A sympathetic person would naturally try to help out people who are lost from the path of spirituality, who are living a life full of vices or who are blinded by the false knowledge. But when such people refuse to accept any help, they should be disregarded thinking that they are subject to their karmas18. This is Mādhyastha Bhavana. Here, one does convince his mind to be indifferent, but with a feeling of sorrow.

By preventing passion and hatred, neutrality is achieved. The more efforts a jiva puts into preventing his rāga (passion) and dveṣa (hatred), the more he will succeed in cultivating neutrality. When the person realises that every living being depends solely on his karmas, he will stop making judgements on seeing happy or distressful people. Mostly, these judgements that either includes praise or criticism are generated as a result of passion or hatred.

Neutrality is capable to relieve a man who is exhausted from diseases like saṃsāra. Such a disappointed soul finds solace in neutrality.

Upadhyayaji Maharaj gives example of Tīrthaṅkara paramātmā to the man who wishes to spread the message of right path by force. Tīrthaṅkara paramātmā has enough strength to conquer all three worlds. And yet he never tried to make anyone follow his pathby force19. Likewise propagator or messenger of any faith should also resist from making anyone accept his faith by force or tricks.

In today’s time of information explosion, one can receive uninterrupted stream of news from any corner of the world. This leads him to constantly think about matters of others. International affairs, national politics, state news, what is happening to whom in his family etc. but in such pursuit, he forgets to think about himself. The author suggests to take out time for one’s self and think about matters of his interest. Stability of mind is preferable to that of wasting his energy in unnecessary thinking.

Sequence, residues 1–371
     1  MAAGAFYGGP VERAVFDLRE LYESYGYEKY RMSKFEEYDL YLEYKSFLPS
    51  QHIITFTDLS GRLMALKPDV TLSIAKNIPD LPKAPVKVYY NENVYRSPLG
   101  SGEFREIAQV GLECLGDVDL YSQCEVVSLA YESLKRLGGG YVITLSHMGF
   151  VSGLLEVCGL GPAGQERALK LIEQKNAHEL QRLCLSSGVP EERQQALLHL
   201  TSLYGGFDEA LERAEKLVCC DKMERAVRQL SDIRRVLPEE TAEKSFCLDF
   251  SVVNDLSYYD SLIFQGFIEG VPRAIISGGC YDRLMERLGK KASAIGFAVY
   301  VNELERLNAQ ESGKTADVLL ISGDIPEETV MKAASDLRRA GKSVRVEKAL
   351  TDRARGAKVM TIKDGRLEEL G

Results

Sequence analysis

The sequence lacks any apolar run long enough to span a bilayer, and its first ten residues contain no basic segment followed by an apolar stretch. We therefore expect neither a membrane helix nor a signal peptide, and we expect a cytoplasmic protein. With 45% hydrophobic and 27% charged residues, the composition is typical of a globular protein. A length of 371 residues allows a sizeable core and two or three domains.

Many a times it happens that while one fails to make any impact upon others by teachings, he loses control over his mind. It is crucial in such situations to be stable and be satisfied with your effort irrespective of their results20. Here the author strongly recommends practicing equanimity (samatā). In the presence of equanimity, ange cannot emerge. Thus, the person seeking peace of mind should steadily make efforts to accomplish the quality of equanimity. The other two ways of developing Mādhyastha Bhavana is to have unity in one’s speech and actions and not depend on pudgal (matter).

While concluding the topic of Mādhyastha Bhavana, Upadhyayaji Maharaj gives it simile of Tīrtha. The word ‘Tīrtha’ has many meanings. One of them is channel. And rightly it is a connection between Saṃsāra and Mokśa. It is delightful and beautiful. Such a Tīrtha should be reminisced21.

These four Bhavanas are the causes of tranquillity. They guide a human being towards the right path and teach him to understand things in their totality. So that the illusions that caused his sufferings would dissolve helping him to lead a holistic life. 

-Mana Apoorva Shah